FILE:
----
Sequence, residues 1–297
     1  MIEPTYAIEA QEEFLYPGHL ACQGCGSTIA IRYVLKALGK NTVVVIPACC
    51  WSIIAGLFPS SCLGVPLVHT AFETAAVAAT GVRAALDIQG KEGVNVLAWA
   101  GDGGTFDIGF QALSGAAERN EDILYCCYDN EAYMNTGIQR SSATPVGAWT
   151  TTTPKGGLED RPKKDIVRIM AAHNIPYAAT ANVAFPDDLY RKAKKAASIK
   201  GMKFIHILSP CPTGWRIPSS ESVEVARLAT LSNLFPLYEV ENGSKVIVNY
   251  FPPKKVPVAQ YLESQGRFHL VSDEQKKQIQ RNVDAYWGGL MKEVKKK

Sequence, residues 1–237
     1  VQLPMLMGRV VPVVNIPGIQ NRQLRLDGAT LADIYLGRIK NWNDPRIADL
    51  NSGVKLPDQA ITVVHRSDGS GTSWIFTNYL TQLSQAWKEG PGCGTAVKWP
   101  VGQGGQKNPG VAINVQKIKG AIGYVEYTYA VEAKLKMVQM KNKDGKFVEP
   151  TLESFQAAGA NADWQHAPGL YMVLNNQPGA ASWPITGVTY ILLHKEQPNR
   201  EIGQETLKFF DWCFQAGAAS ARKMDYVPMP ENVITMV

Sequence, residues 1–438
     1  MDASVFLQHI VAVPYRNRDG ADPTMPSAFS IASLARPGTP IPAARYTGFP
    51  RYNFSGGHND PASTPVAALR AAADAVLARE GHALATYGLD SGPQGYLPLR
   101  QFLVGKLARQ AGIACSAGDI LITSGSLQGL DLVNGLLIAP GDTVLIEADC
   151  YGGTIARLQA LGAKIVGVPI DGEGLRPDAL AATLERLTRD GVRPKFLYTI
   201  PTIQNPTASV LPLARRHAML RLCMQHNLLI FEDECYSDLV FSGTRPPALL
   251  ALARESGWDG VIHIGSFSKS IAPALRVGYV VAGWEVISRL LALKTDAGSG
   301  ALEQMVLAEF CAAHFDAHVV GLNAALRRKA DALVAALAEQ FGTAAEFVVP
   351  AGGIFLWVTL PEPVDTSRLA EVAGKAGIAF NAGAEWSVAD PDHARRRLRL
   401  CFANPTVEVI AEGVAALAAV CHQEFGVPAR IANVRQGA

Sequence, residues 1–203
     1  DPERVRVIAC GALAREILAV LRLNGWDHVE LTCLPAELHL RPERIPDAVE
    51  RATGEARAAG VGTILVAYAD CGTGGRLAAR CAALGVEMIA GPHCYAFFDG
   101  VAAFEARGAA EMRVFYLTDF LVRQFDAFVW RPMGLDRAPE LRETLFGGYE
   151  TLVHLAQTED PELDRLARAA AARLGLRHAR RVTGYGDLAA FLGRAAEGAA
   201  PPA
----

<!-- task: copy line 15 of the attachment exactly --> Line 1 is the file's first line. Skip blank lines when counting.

     1  MDASVFLQHI VAVPYRNRDG ADPTMPSAFS IASLARPGTP IPAARYTGFP